The Wandering Mind


The Meaning of the Name “Abrahm”

Posted in Etymology,Old Testament,Religious History by wandren on 3 September 2007

Remember my entry entitled “The Origins of Modern Witchcraft“with a “Sidebar” about ancient language, in which I described how words and names were formed, using Abrahm as an example?

The “Who Was Abraham” page I referred to in my last entry explained what his name might mean:

Several word-meanings can be extracted from “Abram,” each of which points directly to his exalted position. Ab = “Father;” Hir or H’r = “Head; Top; Exalted;” Am = “People.” Therefore, Abhiram or Abh’ram can mean “Father of the Exalted.” Here’s still another: Ab – î – Ram = “Father of the Merciful.” Ab, also meaning “Snake,” could indicate that Ab-Ram (Exalted Snake) was a Naga king. All the meanings that can be extracted from the compound word “Abraham” reveal the divine destiny of his followers. Hiram of Tyre, Solomon’s close friend, was “Exalted People” or Ahi-Ram (Exalted Snake).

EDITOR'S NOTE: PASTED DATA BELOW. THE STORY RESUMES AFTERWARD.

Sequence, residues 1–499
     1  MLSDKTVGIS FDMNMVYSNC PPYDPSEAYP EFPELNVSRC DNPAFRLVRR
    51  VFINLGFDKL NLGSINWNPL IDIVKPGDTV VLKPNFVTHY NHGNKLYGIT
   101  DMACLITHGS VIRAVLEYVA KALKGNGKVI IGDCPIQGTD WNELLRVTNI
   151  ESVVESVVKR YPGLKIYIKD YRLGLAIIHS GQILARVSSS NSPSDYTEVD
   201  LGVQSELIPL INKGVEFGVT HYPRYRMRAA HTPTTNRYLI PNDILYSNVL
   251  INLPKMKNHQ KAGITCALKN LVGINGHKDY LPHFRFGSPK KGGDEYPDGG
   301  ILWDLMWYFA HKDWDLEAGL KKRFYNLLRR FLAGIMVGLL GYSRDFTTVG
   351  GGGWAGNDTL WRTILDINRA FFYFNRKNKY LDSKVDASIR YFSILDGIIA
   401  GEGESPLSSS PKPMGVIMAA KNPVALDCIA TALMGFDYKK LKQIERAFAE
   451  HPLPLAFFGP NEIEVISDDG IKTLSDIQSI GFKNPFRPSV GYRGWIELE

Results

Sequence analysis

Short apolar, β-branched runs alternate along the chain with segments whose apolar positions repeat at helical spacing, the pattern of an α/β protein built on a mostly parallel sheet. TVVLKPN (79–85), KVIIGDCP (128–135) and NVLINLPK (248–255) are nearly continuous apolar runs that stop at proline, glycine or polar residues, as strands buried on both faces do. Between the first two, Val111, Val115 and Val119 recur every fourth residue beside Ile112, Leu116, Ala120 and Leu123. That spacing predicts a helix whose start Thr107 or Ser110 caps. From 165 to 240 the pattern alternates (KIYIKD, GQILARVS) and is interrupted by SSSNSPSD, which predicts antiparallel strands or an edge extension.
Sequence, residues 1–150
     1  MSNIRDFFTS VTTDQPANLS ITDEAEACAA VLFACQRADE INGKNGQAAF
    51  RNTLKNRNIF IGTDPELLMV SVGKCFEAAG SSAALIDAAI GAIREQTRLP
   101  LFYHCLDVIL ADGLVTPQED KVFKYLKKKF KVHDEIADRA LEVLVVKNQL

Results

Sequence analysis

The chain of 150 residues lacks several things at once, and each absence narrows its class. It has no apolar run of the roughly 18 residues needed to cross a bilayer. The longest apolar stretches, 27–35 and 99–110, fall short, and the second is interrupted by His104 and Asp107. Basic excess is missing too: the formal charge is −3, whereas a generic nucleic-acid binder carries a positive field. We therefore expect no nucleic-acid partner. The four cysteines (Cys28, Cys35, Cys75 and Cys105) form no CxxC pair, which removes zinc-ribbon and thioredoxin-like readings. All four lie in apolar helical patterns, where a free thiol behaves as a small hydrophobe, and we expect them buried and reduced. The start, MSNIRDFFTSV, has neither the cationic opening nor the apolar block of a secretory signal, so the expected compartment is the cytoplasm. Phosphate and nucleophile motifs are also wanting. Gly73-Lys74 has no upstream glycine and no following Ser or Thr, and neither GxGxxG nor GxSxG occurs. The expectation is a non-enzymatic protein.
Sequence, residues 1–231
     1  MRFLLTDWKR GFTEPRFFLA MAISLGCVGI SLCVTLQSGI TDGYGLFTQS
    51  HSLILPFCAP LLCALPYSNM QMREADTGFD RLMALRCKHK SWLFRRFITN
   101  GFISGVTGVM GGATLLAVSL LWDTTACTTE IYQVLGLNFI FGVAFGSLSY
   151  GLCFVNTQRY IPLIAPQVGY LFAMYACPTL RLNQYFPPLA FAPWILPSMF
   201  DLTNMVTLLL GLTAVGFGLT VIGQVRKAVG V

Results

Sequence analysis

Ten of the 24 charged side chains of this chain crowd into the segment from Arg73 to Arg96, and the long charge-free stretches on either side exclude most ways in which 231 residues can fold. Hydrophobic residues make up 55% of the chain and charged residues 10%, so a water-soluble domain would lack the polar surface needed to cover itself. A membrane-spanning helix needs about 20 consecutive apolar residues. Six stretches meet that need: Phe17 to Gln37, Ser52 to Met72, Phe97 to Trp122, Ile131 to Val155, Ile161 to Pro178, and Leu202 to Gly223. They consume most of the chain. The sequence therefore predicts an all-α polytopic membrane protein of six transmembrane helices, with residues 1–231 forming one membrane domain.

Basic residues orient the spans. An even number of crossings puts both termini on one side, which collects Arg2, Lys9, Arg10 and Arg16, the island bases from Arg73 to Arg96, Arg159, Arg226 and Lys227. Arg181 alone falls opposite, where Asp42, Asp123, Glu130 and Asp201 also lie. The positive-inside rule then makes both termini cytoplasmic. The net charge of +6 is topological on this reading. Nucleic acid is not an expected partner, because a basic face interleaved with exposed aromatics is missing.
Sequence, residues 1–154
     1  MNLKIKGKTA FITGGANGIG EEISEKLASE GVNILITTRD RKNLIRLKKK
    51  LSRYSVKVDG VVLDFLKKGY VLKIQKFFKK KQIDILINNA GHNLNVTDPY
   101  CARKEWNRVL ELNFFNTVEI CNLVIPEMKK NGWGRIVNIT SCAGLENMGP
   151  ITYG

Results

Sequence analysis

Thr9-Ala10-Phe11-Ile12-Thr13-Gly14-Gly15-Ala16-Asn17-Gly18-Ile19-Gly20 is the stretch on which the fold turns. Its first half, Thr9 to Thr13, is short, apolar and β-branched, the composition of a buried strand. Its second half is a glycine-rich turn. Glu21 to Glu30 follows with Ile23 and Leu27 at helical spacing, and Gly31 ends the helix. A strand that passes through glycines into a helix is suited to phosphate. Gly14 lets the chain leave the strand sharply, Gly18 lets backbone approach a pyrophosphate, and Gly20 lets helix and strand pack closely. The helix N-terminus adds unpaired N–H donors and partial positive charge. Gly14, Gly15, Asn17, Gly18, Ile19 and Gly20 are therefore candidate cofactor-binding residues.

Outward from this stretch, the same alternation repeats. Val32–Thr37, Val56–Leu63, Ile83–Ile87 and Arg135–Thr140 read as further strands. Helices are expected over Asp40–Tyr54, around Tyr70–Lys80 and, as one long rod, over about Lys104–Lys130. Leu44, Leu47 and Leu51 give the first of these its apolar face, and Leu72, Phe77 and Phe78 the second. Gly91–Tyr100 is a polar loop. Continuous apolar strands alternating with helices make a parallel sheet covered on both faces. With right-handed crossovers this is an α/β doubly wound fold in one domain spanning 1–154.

In ancient India, the Aryan cult was called “Brahm-Aryan.” The Aryans worshiped multiple gods. Abraham turned away from polytheism. By so doing, he could have become “A-Brahm” (No longer a Brahman.) The Aryans called the Asuras “Ah-Brahm.” Therefore, we can logically assume that the fathers of the Indus civilization were probably prototypical Jews.

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